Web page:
The Pro Bono Cause
Since 2007, Pro Bono Law Alberta (PBLA) has impacted the lives of countless Albertans by brokering innovative partnerships between lawyers, law firms, organizations and individuals in need. Through a variety of projects and initiatives that focus on social responsibility, PBLA has created and promoted opportunities for lawyers to become involved in pro bono legal service.
The Osler Pro Bono Connection
Osler’s volunteer lawyers are proud to be at the heart of the legal community in Alberta, participating in the programs offered through Calgary Legal Guidance, which provides free legal assistance, information and advocacy to individuals experiencing financial hardship. As part of a community law project, protecting the rights of the disadvantaged, lawyers from Osler’s Calgary office also provide duty counsel to unrepresented and underprivileged parties in civil matters at Provincial Court.
One notable case: Pridgen v University of Calgary
We intervened at the Alberta Court of Appeal in a constitutional and administrative law case that revisited the question of the application of Canada’s Charter of Rights and Freedoms to universities.
The students in Pridgen faced sanctions for posting negative feedback about a professor on a Facebook page. The students and the CCLA argued that the University’s action was an infringement of their freedom of expression and was administratively unfair.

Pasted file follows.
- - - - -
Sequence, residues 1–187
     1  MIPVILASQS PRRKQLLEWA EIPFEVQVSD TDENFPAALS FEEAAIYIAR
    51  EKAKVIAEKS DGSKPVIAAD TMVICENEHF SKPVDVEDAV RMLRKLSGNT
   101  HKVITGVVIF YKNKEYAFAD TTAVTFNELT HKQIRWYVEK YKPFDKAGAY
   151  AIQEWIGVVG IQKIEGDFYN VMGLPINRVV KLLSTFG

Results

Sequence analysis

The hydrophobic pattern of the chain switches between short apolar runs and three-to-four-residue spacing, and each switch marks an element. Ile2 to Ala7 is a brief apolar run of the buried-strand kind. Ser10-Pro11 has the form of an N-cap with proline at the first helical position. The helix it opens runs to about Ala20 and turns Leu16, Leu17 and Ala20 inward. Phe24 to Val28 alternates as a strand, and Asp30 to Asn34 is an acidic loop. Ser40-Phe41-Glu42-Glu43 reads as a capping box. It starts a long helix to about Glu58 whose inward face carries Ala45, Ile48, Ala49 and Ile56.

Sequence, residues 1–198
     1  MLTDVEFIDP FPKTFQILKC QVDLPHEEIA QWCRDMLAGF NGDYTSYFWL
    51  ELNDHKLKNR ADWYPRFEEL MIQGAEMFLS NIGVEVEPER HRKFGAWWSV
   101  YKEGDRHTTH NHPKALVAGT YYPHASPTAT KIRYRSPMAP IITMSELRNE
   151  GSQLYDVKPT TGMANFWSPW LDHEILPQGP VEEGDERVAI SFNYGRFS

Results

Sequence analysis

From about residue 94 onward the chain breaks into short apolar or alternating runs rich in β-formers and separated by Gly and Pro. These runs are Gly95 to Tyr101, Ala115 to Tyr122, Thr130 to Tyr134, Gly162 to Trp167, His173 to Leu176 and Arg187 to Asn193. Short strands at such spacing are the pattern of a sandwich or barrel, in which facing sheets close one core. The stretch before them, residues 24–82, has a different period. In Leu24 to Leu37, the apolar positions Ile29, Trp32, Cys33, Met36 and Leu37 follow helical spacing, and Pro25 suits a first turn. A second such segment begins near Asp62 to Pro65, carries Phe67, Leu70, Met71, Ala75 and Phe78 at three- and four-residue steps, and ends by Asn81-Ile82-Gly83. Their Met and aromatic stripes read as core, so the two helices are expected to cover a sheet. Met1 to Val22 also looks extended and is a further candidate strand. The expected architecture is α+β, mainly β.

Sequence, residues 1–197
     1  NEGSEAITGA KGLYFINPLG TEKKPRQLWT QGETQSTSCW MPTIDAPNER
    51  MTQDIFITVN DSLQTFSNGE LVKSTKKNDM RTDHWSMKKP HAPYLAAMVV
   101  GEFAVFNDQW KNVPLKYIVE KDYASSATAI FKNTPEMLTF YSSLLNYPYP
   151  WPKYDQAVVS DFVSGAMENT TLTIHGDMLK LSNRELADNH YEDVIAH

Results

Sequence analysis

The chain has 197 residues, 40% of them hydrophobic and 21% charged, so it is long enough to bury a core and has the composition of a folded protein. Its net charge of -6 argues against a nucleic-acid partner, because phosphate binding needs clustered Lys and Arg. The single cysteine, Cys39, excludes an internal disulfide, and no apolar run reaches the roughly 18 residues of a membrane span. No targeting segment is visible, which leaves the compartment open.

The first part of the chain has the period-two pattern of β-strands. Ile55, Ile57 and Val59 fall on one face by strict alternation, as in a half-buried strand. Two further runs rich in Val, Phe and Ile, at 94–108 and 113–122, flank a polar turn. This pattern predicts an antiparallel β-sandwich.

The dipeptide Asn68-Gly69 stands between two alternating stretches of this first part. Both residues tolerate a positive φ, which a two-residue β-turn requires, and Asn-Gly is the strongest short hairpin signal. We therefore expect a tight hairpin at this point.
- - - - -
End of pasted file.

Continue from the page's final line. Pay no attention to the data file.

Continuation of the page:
Osler argued for the CCLA that the Charter applied to student discipline because the university was exercising power delegated to it by the government in the delivery of public education.
Two justices of the Court of Appeal decided that the students had been treated unfairly under the administrative procedures and found it unnecessary to consider the application of the Charter of Rights to universities. The third justice concluded that the Charter of Rights applies universities and that the students’ freedom of expression had been infringed.
Pridgen sets the stage for future litigation where the Supreme Court will have to re-consider one of its earliest decisions, McKinney v. University of Guelph, where it was decided that the Charter of Rights does not apply to Universities. In this way, the Pridgen case advances the interests of students and promotes freedom of expression.